It is not uncommon for those in the “caregiver” role to come families with a history of substance abuse. In these cases, the codependent person was forced into a caregiver role at an early age. Additionally, those who are codependent may have undiagnosed mental health issues. As a result, they may resort to using drugs and alcohol themselves.
The Core Symptoms of Codependency
The core symptoms of codependency are marked with a profound sense of powerlessness. Symptoms include poor self-esteem, an inability to set healthy boundaries, not accepting their own wants and needs, and ignoring reality. Those who are codependent have a sense of value that fluctuates. Those who are codependent base their worth on what others tell them. This also includes their sense of self-esteem and confidence as a person.
Is co-dependency bad? Should it be treated?
Yes! Co-dependency is a self-defeating habit. It is an unhealthy coping mechanism used by an individual habitually in order to survive. What does this mean? It simply suggests that you take care of another person in a way which is not healthy for both of you. As a result, you cannot maintain a functional relationship anymore; the addict’s or the alcoholic’s addiction worsens and your health, finances and personal relationships crumble.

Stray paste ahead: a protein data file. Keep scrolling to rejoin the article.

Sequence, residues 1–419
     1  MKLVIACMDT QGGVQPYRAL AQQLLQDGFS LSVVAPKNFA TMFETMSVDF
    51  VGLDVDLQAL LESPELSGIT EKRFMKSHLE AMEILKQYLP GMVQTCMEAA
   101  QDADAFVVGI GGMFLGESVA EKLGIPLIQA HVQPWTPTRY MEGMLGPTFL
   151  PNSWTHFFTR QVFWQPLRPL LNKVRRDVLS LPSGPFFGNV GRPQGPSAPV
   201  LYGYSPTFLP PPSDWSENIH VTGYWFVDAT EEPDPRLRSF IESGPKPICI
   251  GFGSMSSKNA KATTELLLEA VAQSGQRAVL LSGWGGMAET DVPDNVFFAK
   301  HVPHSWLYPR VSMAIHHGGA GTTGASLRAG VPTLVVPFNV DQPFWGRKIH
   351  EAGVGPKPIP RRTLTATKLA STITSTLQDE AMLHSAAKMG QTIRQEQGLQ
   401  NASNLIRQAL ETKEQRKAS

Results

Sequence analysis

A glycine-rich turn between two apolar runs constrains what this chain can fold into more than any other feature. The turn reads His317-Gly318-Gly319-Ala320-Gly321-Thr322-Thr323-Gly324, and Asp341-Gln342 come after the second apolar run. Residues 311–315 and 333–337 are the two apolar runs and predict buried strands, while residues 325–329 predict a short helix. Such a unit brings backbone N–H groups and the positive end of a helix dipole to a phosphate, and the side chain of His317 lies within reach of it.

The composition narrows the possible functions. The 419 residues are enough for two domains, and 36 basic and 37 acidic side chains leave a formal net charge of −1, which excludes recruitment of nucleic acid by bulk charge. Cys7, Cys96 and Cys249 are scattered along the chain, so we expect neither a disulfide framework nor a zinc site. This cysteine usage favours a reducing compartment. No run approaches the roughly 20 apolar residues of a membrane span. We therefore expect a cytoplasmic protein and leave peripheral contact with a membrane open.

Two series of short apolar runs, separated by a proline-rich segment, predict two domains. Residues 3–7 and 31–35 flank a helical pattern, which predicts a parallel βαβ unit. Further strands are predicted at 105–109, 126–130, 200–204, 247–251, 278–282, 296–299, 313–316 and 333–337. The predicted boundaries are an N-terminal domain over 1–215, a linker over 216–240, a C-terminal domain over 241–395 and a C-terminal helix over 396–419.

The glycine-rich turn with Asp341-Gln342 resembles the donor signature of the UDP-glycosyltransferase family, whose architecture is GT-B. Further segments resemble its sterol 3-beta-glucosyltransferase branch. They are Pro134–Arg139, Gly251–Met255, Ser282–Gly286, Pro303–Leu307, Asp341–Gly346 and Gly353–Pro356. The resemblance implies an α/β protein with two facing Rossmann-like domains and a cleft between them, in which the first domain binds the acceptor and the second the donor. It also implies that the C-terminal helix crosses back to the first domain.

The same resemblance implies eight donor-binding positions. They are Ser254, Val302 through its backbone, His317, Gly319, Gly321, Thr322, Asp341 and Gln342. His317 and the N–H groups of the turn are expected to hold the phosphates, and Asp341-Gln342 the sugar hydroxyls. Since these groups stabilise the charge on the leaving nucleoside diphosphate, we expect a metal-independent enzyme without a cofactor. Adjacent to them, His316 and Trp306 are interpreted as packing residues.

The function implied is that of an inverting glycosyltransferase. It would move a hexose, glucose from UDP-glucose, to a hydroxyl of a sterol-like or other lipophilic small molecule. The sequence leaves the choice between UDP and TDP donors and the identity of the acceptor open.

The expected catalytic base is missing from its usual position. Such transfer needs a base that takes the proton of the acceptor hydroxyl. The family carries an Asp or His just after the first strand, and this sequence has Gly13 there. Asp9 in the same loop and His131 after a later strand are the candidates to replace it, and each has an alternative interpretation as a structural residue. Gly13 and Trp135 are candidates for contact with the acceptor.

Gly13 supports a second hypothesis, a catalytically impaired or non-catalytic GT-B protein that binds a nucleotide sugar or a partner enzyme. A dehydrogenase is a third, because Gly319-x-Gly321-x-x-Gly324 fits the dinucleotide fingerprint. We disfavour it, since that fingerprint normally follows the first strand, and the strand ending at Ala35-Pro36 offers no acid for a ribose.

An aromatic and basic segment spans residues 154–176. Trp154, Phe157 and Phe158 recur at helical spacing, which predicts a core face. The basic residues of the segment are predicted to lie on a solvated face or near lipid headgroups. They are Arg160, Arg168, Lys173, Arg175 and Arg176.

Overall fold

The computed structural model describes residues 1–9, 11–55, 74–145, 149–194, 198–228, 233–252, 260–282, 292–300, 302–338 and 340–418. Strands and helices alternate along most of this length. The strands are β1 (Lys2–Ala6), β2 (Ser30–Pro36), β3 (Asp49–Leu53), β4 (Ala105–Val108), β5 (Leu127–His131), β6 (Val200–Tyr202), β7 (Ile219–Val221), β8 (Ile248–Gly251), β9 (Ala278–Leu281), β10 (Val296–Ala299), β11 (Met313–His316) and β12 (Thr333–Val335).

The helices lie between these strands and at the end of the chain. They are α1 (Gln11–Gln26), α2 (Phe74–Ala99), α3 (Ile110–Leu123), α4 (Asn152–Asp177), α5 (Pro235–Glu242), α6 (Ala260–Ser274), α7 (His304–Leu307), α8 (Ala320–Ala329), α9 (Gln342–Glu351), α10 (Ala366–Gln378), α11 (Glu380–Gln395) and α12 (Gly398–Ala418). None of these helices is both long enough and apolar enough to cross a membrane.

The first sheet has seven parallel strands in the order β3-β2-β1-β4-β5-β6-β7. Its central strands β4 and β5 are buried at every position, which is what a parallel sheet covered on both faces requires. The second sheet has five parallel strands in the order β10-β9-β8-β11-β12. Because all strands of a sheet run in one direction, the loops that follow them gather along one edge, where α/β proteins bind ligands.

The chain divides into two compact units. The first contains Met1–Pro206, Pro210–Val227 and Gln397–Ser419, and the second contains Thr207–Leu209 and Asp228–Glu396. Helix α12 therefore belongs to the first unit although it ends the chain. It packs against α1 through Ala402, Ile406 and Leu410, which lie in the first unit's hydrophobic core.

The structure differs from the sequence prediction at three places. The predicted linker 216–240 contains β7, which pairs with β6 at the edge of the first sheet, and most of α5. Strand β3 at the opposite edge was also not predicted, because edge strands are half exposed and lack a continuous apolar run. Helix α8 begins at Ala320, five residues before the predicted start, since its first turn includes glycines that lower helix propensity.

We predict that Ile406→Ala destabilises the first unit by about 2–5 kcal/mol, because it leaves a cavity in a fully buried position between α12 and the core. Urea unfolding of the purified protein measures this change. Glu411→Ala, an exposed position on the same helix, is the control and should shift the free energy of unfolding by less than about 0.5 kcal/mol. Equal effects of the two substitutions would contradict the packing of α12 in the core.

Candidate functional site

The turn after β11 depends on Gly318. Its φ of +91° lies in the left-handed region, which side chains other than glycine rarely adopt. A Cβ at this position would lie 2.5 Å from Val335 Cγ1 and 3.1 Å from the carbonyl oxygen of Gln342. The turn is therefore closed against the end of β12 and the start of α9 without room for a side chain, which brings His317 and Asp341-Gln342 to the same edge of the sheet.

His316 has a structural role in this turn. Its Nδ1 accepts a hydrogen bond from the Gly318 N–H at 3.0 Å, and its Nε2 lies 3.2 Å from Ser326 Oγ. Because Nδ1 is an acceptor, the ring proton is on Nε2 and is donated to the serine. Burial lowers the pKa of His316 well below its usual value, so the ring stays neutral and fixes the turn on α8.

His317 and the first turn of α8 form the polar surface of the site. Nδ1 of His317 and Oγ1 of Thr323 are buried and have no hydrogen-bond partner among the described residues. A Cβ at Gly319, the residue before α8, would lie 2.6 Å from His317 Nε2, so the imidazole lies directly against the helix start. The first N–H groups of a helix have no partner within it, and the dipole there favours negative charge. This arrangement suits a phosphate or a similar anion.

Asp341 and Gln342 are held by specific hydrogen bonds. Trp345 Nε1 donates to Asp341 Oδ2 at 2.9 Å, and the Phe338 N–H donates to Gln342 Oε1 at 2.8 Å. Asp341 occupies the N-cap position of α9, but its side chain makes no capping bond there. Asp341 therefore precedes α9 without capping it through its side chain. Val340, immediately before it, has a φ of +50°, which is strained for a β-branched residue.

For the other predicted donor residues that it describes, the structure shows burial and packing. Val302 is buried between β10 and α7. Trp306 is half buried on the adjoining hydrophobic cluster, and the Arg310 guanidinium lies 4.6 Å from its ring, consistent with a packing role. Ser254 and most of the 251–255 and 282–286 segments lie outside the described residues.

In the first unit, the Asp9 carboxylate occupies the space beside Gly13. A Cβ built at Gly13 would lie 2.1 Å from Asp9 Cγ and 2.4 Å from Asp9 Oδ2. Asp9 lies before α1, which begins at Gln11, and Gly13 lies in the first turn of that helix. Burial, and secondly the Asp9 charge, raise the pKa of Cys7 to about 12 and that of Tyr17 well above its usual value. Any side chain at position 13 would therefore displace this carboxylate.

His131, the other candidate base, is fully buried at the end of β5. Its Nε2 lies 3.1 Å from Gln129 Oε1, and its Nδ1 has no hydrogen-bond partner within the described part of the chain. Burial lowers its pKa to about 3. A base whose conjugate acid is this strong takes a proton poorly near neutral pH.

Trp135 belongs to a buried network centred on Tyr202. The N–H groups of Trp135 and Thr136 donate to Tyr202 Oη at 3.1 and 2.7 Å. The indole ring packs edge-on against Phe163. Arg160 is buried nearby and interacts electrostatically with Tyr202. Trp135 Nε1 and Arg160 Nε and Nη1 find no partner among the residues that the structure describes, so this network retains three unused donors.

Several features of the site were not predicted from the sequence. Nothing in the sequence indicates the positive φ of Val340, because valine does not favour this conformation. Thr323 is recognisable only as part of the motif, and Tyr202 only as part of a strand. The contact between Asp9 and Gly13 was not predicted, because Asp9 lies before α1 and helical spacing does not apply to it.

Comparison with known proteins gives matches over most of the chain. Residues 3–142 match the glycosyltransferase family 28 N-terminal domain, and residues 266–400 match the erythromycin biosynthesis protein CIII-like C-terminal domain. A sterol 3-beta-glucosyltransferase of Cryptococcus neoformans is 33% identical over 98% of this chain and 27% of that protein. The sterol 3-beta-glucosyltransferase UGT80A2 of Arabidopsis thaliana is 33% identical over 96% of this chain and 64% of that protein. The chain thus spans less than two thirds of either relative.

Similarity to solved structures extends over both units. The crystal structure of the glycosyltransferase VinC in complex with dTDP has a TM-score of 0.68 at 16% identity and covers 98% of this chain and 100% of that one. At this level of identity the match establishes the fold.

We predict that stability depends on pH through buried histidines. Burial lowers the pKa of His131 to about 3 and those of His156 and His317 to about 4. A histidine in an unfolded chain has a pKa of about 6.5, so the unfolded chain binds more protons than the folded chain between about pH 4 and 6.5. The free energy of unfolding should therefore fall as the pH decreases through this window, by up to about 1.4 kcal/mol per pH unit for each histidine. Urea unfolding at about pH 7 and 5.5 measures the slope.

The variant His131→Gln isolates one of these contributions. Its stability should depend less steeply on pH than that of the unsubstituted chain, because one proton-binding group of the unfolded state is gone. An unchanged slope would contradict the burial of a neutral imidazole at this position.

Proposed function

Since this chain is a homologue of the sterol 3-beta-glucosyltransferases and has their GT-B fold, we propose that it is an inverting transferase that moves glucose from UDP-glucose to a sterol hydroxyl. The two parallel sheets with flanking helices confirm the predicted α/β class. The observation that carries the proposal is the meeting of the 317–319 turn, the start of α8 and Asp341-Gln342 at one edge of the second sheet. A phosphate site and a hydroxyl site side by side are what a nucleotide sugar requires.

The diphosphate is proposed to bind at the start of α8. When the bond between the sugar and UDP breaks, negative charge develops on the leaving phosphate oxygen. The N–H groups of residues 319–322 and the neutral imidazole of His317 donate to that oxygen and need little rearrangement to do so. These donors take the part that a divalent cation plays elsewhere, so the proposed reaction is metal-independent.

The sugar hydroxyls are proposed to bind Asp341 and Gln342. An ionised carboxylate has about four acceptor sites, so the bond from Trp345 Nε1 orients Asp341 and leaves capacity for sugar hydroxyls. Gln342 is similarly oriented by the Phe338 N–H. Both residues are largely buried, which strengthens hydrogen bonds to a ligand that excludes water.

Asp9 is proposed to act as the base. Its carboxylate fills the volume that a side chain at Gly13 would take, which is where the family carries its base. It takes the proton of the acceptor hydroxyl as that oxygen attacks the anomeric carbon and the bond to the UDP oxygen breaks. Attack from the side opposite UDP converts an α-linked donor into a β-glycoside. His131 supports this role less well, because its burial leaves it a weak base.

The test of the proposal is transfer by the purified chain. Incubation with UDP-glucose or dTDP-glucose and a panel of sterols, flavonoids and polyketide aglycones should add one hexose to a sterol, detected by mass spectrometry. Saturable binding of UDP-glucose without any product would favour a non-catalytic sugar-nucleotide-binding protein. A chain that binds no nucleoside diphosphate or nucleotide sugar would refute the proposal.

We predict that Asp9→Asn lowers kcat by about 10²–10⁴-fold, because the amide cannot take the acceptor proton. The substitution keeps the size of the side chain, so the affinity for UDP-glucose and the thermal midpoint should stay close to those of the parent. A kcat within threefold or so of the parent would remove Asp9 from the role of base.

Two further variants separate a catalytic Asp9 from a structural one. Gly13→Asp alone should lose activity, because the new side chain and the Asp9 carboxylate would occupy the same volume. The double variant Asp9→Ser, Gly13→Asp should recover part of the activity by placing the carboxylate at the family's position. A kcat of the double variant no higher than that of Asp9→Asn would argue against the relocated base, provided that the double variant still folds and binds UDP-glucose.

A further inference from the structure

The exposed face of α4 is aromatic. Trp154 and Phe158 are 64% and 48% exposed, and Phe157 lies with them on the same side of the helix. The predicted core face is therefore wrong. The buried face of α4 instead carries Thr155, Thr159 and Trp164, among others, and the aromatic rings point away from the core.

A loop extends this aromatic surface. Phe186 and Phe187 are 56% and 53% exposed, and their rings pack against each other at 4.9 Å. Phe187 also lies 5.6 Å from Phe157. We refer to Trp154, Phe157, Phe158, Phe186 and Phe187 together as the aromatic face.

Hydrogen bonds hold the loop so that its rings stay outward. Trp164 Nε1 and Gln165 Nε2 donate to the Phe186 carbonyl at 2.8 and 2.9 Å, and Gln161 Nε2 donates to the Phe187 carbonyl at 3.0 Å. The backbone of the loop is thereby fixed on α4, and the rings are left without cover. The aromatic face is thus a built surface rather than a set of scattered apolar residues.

You’re a co-dependent if you support the person’s addiction by giving them money to buy drugs or alcohol, bail them out when they’re in trouble because of substance abuse, and do anything that would shield them from facing the consequences of their drug or alcohol habit.
People with co-dependency are hostage takers. Here’s why…
Here’s the harsh reality-if you’re a co-dependent, you are taking the addict as the hostage while feeling that you’re the victim. You want to help them not because you pity them, but to restore your emotional losses, increase your self-esteem and to build your identity. But in the end, you may end up smashing your bank account, neglecting your health and needs, and putting the addict’s health in danger because your acts encourage and support the unhealthy drug or alcohol habit.
Here are the five core symptoms of co-dependency according to
Pia Melody, an expert on co-dependence and recovery said that a co-dependent has the following symptoms of powerlessness: poor self-esteem; inability to set boundaries in dealing with others; ignoring reality; not acknowledging or accepting responsibility for own needs and wants; and inability to express and experience reality moderately.
Pia explained that co-dependent has a fluctuating sense of value. You depend on the universe to tell you about your value. There is no self-love because of who you are but your worth depends on what people tell you. “The most important symptom (of co-dependency) is that people do not esteem themselves from within and they’re dependent on other people to esteem them. So they are experiencing fluctuating self-esteem and it fluctuates between feeling less man and better man”.
What makes you a co-dependent?